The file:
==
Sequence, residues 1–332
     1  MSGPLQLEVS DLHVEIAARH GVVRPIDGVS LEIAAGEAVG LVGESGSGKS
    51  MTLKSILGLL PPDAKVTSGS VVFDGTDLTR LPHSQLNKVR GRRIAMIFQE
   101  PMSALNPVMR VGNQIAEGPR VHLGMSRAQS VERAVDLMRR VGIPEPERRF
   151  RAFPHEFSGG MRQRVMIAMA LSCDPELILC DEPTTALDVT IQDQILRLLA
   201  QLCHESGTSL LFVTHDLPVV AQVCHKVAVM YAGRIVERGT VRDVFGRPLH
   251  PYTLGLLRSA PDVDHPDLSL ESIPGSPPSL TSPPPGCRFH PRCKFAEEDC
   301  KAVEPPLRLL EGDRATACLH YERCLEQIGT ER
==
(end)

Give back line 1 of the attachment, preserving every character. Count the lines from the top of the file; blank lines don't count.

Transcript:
Sequence, residues 1–332